Friday, September 18, 2009

Best British Films: 10. Four Weddings and a Funeral

It's been a while since I did a write-up of a title off The Observer's List of 25 Best British Films of the past 25 years (see sidebar). There was a little mix-up with my Netflix getting put in the wrong apartment mailbox, which thankfully is all straightened out today.

Four Weddings and a Funeral was one of the four titles I'd already seen when The Observer published their list earlier this month. I saw it years ago during my obsessive Kristin Scott Thomas phase, and vaguely remembered liking it, but thought it'd be a good idea to sit through it again just to give a more recent account of my opinion.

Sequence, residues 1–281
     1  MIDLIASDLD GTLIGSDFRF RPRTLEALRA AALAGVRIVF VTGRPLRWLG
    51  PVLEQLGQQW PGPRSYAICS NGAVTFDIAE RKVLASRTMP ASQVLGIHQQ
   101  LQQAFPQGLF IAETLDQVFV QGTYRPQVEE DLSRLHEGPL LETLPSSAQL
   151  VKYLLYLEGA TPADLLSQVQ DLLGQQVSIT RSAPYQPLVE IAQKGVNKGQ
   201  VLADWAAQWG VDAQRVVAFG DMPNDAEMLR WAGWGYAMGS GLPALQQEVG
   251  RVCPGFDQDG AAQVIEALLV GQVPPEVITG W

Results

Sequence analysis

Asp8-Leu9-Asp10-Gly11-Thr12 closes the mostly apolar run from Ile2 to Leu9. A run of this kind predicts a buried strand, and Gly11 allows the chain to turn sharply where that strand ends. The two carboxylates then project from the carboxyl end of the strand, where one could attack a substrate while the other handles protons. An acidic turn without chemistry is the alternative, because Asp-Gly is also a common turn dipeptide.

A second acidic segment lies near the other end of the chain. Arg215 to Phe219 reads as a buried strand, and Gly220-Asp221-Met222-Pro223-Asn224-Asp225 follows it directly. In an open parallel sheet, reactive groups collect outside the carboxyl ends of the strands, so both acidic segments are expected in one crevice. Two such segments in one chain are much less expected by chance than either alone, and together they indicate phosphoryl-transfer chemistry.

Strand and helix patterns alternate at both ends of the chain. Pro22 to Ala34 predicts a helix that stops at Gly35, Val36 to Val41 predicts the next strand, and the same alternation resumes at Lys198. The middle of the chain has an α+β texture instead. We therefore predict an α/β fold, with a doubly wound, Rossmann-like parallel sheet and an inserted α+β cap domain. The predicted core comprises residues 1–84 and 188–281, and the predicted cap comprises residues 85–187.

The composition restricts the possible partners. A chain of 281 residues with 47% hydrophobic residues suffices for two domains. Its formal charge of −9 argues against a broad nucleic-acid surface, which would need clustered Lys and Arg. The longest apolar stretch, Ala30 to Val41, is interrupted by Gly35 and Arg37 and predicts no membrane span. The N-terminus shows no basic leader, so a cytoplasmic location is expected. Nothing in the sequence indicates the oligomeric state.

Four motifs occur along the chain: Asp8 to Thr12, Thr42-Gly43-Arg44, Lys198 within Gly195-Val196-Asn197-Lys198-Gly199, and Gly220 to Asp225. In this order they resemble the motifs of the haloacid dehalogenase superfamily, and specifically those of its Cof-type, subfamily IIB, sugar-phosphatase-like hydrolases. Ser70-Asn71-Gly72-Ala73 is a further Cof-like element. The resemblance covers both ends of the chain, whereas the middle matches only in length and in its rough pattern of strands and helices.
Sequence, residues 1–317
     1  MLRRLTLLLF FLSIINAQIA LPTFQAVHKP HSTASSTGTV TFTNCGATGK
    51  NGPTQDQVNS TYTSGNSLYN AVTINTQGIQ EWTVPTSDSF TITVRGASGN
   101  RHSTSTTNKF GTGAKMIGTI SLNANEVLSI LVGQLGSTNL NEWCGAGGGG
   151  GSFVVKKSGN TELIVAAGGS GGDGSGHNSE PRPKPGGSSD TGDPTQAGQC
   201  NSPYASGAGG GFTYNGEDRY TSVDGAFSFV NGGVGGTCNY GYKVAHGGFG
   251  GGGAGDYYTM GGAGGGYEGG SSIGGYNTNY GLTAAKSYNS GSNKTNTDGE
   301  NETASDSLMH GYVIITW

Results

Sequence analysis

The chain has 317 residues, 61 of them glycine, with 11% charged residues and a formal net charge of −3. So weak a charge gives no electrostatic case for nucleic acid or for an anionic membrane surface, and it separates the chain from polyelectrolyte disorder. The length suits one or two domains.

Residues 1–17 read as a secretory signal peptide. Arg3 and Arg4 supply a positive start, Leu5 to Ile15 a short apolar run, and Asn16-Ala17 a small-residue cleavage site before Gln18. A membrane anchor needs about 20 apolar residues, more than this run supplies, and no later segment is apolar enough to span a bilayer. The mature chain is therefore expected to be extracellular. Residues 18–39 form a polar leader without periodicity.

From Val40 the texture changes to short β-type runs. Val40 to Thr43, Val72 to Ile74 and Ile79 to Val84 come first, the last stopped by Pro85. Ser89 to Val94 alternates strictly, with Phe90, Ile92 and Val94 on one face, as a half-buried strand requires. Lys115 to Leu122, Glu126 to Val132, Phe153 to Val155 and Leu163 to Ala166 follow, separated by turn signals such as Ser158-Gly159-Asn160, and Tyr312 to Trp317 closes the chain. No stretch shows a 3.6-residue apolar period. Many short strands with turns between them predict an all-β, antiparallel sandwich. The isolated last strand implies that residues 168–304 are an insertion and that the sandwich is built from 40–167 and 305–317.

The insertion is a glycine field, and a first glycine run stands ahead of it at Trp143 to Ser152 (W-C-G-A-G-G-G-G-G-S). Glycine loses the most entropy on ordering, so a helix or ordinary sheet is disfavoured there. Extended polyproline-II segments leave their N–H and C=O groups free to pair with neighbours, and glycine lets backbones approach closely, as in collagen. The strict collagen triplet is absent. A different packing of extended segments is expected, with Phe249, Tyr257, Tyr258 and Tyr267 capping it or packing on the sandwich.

I love this movie. It's charming and cheerful and delightfully witty. It's the story of commitment-challenged Charles and a beautiful American, Carrie, who meet several times at various social gatherings and try to form a relationship. Charles has a band of eccentric friends, all wonderfully portrayed by various character actors, the best of which is Simon Callow as the ill-fated but jolly life of every party, Gareth.

The story is at times hysterical and at times touching and at times quite sad. Hugh Grant as Charles brings his usual endearing awkwardness, while Andie MacDowell takes a more direct (American?) approach to Carrie. I have to say (as a fan of hers) that MacDowell's performance is a weak point in the film for me. She seems too vacant and cold to inspire Charles' avid affection.

Nevertheless, Four Weddings and a Funeral is an irresistable portrait of the friends who become your family. ***1/2 / 4


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